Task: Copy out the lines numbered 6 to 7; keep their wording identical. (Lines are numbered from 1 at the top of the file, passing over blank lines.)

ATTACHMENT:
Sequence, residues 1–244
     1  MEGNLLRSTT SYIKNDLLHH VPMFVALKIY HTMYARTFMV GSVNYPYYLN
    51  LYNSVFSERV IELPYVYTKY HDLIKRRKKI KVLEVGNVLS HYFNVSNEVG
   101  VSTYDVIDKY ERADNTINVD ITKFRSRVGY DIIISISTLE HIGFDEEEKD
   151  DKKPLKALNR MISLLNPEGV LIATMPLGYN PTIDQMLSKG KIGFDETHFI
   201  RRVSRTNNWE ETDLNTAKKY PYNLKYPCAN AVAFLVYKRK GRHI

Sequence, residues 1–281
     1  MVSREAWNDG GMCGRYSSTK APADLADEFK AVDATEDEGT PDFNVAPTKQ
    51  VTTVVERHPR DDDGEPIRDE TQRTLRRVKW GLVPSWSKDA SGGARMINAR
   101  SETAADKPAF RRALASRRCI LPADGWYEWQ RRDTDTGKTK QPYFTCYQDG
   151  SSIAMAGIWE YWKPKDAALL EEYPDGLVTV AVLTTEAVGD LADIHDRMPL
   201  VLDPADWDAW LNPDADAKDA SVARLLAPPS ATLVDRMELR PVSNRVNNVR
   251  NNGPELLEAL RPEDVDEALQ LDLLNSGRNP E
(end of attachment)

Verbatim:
   201  RRVSRTNNWE ETDLNTAKKY PYNLKYPCAN AVAFLVYKRK GRHI

Sequence, residues 1–281